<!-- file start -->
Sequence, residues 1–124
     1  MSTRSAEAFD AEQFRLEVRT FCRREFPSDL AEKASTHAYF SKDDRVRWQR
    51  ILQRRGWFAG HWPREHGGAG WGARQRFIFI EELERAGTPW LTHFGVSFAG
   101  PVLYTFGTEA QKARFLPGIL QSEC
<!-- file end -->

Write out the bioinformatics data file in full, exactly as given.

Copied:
Sequence, residues 1–124
     1  MSTRSAEAFD AEQFRLEVRT FCRREFPSDL AEKASTHAYF SKDDRVRWQR
    51  ILQRRGWFAG HWPREHGGAG WGARQRFIFI EELERAGTPW LTHFGVSFAG
   101  PVLYTFGTEA QKARFLPGIL QSEC